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Welding Stainless Steel vs Mild Steel – What’s the Difference

Welding Stainless Steel vs Mild Steel

Welding is a skill that can take years to master, but once you do, you can tackle any project. One of the most important considerations when welding is what type of steel you’ll be using. Two common types are mild steel and stainless steel, each with its own advantages and disadvantages. Let’s take a look at the differences between these two types of steel so you can make an informed decision about which one to use for your next project.

Difference Between Welding Stainless Steel and Mild Steel


Mild steel is an alloy of iron and carbon, but it also includes other elements such as silicon, manganese, sulfur, phosphorus, and copper. It has excellent strength and durability while also being relatively inexpensive. Its low cost makes it ideal for projects like automotive parts or welded structures that don’t require extreme corrosion resistance or high temperatures.

Stainless steel is an alloy composed primarily of iron, chromium, nickel, carbon, and other metals. It is much more corrosion-resistant than mild steel due to its higher chromium content; however, it is also more expensive because of its added components. Stainless steel is ideal for projects where high temperatures or corrosive environments are present since its properties make it resistant to many forms of degradation from environmental factors.

Welding Processes for Each Type of Steel

Mild steel can be welded using most traditional welding processes, including gas tungsten arc welding (GTAW), shielded metal arc welding (SMAW), flux-cored arc welding (FCAW), and gas metal arc welding (GMAW). The process used will depend on the size and shape of the project as well as the desired result. For example, SMAW will provide a strong joint that is aesthetically pleasing, while GMAW will provide faster speeds with less distortion in the finished product.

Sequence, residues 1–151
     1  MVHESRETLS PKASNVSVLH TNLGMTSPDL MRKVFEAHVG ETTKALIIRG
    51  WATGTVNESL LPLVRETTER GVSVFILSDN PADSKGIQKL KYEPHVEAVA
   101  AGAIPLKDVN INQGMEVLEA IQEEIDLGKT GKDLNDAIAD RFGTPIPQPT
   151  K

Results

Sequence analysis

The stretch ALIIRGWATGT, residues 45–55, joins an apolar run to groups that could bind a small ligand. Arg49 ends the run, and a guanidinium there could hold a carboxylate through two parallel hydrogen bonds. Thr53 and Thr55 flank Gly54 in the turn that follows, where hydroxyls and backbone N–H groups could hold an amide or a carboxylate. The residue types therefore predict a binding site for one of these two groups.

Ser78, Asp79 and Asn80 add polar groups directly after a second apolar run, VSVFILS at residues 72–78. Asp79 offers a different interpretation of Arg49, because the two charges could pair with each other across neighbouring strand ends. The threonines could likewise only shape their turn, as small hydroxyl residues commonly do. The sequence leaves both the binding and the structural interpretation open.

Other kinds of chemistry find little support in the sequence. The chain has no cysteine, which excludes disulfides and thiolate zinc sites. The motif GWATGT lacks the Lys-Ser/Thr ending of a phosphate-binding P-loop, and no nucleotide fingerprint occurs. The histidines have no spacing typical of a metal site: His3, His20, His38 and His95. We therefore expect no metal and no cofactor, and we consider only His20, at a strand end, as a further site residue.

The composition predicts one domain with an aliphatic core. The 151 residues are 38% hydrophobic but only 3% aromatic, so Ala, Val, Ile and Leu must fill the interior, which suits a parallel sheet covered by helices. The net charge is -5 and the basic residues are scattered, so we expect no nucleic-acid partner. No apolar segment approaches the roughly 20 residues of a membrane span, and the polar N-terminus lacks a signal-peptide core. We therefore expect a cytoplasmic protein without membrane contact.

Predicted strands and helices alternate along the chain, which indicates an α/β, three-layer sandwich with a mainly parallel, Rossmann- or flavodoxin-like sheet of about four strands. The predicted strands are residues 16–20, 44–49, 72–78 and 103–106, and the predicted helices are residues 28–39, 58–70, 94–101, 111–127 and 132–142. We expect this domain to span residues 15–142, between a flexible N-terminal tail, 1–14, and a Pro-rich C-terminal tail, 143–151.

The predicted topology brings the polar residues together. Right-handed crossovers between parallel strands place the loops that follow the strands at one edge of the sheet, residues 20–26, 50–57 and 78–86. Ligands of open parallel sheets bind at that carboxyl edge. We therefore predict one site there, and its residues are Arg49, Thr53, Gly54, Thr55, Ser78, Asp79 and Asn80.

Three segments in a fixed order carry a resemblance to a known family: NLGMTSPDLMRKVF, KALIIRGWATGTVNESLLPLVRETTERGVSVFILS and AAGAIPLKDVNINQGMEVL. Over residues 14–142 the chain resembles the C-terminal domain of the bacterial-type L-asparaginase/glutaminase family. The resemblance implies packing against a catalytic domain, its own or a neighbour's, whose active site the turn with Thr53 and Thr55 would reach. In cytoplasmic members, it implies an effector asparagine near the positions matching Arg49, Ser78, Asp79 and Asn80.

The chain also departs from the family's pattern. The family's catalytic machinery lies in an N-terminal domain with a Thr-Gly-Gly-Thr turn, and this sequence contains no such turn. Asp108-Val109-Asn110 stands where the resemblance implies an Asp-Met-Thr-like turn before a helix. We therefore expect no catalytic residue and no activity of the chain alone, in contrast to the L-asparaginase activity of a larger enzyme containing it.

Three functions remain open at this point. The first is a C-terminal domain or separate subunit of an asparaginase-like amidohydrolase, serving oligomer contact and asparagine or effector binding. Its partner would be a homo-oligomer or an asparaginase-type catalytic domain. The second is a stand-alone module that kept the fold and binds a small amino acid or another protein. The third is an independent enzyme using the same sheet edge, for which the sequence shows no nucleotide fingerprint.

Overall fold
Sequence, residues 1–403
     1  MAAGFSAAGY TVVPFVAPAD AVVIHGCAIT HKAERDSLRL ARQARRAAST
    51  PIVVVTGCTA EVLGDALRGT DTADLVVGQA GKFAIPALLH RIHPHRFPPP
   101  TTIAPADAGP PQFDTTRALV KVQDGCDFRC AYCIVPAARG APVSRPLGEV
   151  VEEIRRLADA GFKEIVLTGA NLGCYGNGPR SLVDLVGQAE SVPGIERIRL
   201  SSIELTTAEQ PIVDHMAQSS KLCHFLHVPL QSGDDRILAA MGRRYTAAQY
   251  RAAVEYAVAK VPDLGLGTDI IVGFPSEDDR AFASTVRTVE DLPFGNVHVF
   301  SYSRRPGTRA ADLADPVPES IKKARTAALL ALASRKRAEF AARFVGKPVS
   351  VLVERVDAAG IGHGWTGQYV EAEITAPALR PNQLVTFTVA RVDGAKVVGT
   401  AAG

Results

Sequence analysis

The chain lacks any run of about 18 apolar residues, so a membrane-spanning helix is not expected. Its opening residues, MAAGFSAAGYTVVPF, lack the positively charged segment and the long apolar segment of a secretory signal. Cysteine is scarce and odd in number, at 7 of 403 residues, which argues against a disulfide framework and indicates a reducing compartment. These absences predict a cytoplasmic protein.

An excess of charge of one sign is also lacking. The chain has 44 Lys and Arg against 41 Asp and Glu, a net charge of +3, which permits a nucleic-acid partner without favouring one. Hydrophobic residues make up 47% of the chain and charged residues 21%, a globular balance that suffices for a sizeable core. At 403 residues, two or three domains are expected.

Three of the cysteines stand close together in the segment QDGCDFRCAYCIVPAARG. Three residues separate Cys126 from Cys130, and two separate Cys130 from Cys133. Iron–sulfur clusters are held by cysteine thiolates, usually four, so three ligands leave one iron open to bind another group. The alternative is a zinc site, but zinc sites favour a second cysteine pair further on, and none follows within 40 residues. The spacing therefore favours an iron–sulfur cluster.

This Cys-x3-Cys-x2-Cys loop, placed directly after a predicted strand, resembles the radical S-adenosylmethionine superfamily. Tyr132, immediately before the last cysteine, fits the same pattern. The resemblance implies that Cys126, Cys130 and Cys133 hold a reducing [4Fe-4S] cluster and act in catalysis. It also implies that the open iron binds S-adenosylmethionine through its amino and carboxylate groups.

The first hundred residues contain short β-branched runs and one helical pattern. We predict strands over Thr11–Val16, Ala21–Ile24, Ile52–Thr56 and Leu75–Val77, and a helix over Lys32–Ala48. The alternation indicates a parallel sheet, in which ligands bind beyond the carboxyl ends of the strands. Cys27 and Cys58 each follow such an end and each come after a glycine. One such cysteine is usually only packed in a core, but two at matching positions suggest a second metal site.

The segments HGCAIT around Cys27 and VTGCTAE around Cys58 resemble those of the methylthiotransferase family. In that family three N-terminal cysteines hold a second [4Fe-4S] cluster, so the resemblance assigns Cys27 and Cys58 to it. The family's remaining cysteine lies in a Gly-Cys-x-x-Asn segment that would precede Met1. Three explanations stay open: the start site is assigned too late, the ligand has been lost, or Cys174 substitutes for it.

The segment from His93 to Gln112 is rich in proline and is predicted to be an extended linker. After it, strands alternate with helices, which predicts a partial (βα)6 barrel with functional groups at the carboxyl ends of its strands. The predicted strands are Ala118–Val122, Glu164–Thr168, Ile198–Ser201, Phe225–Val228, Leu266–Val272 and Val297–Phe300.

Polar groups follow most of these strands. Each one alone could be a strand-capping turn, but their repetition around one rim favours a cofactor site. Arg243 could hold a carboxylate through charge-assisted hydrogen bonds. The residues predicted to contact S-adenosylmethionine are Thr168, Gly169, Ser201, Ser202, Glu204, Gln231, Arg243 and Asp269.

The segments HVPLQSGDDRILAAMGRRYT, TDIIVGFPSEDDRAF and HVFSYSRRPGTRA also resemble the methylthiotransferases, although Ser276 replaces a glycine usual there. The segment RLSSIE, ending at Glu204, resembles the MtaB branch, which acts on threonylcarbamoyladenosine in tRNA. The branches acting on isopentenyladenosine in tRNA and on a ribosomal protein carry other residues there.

Stainless steel requires special consideration when welding since it tends to be more difficult than mild steel due to its higher melting point and associated brittleness caused by rapid cooling during the welding process. Because of this, it’s best to use a GTAW process with argon shielding gas when welding stainless steel in order to ensure proper penetration without excessive heat input into the material itself. Additionally, preheating before welding may be necessary depending on the thickness of the pieces being joined together in order to prevent cracking or warping during cooling after welding.

  • Stainless steel is an alloy of steel that contains chromium.
  • Mild steel is a type of carbon steel that contains low levels of carbon.
  • Stainless steel is more resistant to corrosion than mild steel.
  • Mild steel is less expensive than stainless steel.
  • Stainless steel is more difficult to weld than mild steel.
  • Welds made with stainless steel are more likely to be strong and durable than those made with mild steel.


Whether you’re working with stainless steel or mild steel for your next project depends on a variety of factors such as cost, availability, finish requirements, corrosion resistance needs and temperature resistance requirements, among others—all things that need careful consideration before beginning any project involving either type of material. Taking some time to understand both types of materials better before starting any job involving them will help ensure that your end result meets all expectations!

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